|Resolving Chapter Conflicts|
|Martha S. Zlokovich, PhD, Psi Chi Executive Director|
At the X University Psi Chi Chapter meeting. "Is Joel coming? Does anyone know where he is?” asked the frustrated chapter president 10 minutes after the meeting was supposed to start. The vice president, secretary, and membership chair shrugged their shoulders, glancing at one another with resignation. No one had heard from their treasurer, as usual. Joel rarely showed up to executive committee meetings, and only sporadically showed up to chapter meetings and events. This annoyed the other officers who also had hectic schedules and frequently found themselves completing tasks Joel said he would do.
Who should you turn to when there are problems with chapter members, officers, or advisors? Two principles should guide your decisions about how to handle chapter conflicts. Principle one is that your first course of action should be to discuss the issue with the person or people with whom you are having a problem. Principle two is to start at the beginning and move up any "chain of command” as needed.
Talk first to the people involved in the problem. This is the simplest advice yet perhaps the hardest to enact. We often prefer to avoid rather than approach people with whom we disagree or are angry or annoyed. But a frank conversation between the people involved can clear up misunderstandings, resolve a problem quickly, and avoid escalation of the incident.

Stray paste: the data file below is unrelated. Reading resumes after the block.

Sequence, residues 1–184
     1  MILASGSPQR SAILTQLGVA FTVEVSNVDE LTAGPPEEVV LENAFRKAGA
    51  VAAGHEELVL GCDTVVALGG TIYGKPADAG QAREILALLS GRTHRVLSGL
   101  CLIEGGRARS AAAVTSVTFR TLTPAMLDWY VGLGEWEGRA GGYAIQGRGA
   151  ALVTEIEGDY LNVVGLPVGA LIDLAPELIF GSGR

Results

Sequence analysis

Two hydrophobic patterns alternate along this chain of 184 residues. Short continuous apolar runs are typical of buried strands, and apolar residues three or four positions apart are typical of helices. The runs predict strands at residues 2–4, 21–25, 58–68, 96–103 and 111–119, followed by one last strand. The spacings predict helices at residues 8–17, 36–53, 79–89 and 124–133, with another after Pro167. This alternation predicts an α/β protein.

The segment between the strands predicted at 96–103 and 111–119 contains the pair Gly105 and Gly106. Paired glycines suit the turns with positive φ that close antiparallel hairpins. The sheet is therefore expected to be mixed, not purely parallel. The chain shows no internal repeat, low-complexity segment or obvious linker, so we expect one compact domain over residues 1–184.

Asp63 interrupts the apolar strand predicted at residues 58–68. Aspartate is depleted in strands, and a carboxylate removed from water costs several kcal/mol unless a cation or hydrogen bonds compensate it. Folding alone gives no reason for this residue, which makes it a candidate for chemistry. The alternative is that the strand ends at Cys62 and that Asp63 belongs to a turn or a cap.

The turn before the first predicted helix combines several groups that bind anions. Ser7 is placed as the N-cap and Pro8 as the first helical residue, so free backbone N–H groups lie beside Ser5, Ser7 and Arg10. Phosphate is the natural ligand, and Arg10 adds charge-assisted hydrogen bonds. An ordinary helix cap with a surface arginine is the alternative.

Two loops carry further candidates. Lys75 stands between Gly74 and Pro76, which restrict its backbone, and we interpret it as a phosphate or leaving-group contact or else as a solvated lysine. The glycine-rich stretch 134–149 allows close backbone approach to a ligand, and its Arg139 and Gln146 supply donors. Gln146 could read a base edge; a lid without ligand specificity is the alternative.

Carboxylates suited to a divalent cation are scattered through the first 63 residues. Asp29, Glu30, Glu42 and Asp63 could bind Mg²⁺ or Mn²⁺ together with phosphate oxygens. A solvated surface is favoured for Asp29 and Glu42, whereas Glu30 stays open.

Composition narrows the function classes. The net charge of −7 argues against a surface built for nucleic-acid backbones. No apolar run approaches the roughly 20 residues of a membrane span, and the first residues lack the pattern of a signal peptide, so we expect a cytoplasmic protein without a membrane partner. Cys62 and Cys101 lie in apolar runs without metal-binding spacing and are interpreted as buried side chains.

Plan carefully when and where you will have such a conversation. Decide on a time and place that will not make the person feel ambushed or embarrassed in front of peers or colleagues, and be prepared to explain clearly what specific behaviors are problematic, to state what the consequences of those behaviors have been for others, and to listen. Approach the conversation with the idea you may have misunderstood the situation, there may be extenuating circumstances, or the other person may be horribly dismayed to realize how her or his behavior has been viewed by others and very eager to change or compromise.